Recent municipal elections in Ontario, Canada, again highlighted the problem of harassing, hateful online speech, which caused some campaigning municipal politicians to leave social media over safety concerns. In the Niagara region, for example, a re-elected regional councillor set her social media accounts to private after experiencing personal attacks, while the first openly transgender candidate for municipal office in St. Catharines largely restricted her social media use during the election after experiencing “relentless” harassment.
Social media is so toxic that some political candidates are deciding to forgo using this medium to communicate with constituents. Such pervasive threats and harassment constitute a type of political violence.
Political violence through social media is not new, nor is the gendered nature of online harassment. Women, racialized and LGBTQ+ candidates receive a disproportionate share of abuse, at all levels of politics and across the political spectrum. Politicians, including Conservative member of Parliament Michelle Rempel Garner; Catherine McKenna, former Liberal minister for the environment; and former Toronto councillor Kristyn Wong-Tam have condemned the systemic patterns of harassing and threatening behaviour against female politicians, both online and in person. McKenna specifically called for regulation to address the promotion of violence and hate on social media companies.
Debates over regulating the internet, such as through Canada’s proposed online harms bill, often focus on the risk of silenced speech in the future, especially by authoritarian governments. But the discussion tends to downplay how violence and hate online are already driving people from the public sphere. Speech is already being chilled. This is already a problem for democracy and our aspiration to a free media.
With threats so omnipresent, women may not be willing to stay in or even enter politics. An academic report by Chris Tenove and Heidi Tworek studying online harms during the 2019 Canadian federal election concluded that frequent abuse injures public figures’ well-being and presents “barriers to political participation by people from under-represented groups.”
Online hate also affects how journalists do their jobs, with the result that some are leaving the profession, switching to less public-facing roles or removing their bylines from their work. The first Canadian national survey of online harassment against journalists and media professionals, in November 2021, found 72 percent had experienced online harassment, while 73 percent believed online harassment has grown more frequent over the last two years.
The Canadian Association of Journalists, in a September 2022 statement co-signed by media organizations, called on Canadian policy makers and police to act against hateful speech and harassment of journalists that cause them to fear for their safety. In response, Prime Minister Justin Trudeau said police need to take “seriously” the “pattern of intimidation and attacks” against journalists, as they can have a chilling effect on a free press and democracy.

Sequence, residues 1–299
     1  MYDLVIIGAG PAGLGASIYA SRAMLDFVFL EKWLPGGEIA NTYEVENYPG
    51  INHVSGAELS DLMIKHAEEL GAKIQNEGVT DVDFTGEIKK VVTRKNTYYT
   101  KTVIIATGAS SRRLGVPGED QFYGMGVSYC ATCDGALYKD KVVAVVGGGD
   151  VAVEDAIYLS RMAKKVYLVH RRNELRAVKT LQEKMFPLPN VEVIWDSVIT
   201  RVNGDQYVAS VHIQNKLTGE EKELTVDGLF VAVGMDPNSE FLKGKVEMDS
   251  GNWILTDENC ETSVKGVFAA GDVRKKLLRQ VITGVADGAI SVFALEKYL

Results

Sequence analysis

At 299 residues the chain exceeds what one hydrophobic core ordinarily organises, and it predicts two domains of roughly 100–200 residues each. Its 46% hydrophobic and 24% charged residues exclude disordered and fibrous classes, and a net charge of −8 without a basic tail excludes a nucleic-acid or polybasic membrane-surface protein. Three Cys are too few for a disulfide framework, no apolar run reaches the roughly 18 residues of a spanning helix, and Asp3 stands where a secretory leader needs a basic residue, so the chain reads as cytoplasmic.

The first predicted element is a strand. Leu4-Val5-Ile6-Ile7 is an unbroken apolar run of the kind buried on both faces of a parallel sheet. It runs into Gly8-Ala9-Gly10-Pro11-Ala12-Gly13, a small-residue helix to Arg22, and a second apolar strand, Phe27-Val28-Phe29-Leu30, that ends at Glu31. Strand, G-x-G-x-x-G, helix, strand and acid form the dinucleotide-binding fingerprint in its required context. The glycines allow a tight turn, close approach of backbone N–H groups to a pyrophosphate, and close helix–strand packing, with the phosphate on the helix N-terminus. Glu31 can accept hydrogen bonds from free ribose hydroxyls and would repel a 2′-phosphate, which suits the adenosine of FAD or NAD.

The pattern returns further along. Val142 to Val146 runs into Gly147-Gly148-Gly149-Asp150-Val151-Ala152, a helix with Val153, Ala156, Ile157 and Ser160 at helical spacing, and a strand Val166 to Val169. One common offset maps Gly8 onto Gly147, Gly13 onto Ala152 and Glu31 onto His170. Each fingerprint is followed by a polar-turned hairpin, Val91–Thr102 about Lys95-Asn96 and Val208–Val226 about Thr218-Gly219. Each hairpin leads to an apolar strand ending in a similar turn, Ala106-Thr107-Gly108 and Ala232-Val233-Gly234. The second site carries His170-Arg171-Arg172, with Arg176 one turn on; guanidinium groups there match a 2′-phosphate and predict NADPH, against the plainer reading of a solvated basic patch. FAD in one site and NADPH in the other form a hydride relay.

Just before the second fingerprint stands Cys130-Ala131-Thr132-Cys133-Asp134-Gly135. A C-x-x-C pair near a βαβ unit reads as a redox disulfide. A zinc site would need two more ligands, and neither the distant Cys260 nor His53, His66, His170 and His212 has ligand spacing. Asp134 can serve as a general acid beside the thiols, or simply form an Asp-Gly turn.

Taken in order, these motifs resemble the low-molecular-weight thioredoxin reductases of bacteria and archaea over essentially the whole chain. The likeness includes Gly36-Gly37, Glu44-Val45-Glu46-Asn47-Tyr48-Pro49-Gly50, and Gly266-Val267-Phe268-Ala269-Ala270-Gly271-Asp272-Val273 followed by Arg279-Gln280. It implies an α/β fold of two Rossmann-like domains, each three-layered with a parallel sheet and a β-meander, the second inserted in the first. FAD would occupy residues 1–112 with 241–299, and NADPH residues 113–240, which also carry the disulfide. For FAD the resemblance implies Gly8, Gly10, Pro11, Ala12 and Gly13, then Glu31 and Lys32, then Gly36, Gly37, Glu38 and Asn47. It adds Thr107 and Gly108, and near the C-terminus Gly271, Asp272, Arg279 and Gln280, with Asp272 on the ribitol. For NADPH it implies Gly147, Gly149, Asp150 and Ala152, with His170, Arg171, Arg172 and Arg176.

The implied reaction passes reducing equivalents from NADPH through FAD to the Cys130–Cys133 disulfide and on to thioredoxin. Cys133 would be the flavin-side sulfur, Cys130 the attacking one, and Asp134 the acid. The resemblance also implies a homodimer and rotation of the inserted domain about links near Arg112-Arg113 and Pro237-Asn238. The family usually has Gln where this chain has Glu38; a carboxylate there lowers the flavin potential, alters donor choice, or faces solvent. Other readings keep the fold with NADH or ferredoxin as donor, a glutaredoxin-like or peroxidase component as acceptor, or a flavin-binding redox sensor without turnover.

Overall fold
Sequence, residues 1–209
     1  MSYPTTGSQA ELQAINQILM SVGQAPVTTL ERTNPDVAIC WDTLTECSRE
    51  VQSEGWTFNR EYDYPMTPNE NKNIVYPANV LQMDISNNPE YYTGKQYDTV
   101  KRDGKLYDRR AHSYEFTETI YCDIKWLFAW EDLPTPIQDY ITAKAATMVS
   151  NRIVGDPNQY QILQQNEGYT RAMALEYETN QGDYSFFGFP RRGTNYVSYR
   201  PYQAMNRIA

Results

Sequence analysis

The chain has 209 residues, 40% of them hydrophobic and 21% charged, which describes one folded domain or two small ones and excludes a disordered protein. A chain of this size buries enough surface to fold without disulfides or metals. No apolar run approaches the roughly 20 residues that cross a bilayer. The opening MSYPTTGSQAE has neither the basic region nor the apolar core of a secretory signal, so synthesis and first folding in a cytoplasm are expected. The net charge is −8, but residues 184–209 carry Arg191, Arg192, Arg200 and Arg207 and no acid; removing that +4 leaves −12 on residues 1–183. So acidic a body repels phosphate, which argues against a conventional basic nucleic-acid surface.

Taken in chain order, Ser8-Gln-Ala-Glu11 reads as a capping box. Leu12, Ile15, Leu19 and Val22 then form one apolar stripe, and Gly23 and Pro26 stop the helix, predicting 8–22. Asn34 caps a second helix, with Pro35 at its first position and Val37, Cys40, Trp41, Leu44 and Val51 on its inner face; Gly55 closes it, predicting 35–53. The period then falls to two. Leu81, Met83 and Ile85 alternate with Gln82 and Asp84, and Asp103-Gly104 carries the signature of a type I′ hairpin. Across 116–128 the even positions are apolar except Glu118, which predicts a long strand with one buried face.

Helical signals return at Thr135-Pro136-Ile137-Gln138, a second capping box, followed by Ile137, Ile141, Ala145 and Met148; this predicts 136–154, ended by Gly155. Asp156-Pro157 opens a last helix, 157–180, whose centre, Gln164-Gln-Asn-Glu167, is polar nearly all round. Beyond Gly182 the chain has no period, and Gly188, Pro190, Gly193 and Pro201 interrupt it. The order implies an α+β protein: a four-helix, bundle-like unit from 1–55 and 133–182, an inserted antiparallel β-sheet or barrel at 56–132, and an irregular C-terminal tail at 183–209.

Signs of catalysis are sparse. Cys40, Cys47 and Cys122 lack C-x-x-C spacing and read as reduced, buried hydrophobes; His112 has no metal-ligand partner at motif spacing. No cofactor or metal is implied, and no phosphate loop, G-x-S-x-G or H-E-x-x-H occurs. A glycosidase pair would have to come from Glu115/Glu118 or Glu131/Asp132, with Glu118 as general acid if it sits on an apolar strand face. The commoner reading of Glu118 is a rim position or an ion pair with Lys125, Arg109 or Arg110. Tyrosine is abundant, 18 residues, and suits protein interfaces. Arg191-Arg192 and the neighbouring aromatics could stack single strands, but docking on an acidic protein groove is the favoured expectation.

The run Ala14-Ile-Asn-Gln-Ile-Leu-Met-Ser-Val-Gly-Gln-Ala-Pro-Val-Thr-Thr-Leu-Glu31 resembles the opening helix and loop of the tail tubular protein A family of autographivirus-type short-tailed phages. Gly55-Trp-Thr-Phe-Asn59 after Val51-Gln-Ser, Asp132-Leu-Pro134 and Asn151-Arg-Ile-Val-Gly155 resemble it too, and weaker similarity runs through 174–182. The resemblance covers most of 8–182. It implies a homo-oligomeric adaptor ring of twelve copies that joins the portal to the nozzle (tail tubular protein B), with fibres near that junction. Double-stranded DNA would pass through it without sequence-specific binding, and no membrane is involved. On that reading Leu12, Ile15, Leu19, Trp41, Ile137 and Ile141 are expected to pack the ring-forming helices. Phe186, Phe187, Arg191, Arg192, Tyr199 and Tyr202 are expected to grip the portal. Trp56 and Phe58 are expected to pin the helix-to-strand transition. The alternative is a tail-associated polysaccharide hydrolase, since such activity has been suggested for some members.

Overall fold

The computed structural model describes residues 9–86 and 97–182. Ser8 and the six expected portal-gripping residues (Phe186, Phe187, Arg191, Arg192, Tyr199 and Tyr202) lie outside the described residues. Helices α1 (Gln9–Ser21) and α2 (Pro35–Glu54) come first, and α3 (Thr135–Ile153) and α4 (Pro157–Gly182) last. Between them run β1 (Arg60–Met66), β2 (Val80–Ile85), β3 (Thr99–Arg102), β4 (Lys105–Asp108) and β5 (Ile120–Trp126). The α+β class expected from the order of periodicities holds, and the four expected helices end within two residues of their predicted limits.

Beyond more effective policing, the growing number of online threats against politicians and journalists should reignite policy makers’ efforts to move forward on the online harms bill, which is currently being redrafted after receiving largely critical feedback.
Opposition to state regulation of social media often identifies the potential for government censorship as the primary harm. While a legitimate concern, this critique generally does not acknowledge that social media is already silencing people, by way of their self-censorship or entire removal of themselves from online life because of hateful, abusive speech, as pointed out by US legal scholars Danielle Keats Citron and Mary Anne Franks.
Simply put, the current social media environment permits online hate and abusive, harassing behaviour. As I have laid out in previous articles, meaningful change will not result from relying upon greater transparency from industry, voluntary codes of conduct, or tasking users to flag harmful content. It is not realistic to demand that users police multi-billion-dollar companies.
For regulation to be effective it must address the companies’ business models — that is to say, advertising-based revenue generated by user engagement. The platforms’ algorithms are designed to increase this engagement, a key growth metric, even when that engagement may entail sharing potentially dangerous content such as medical misinformation. When engagement is monetized, regardless of the quality of speech, governments need to make structural reforms, specifically, restricting companies’ use of targeted behavioural advertising. This type of advertising relies on detailed personal information that social media companies continually siphon from their users.
Elon Musk’s takeover of Twitter, and users’ growing concerns about hate speech increasing on the platform, is the perfect moment for Canadian policy makers to reconsider how to regulate hateful, violent speech on social media. It’s time for decisive measures that directly tackle the causes of online harms, not for partial measures that preserve the status quo.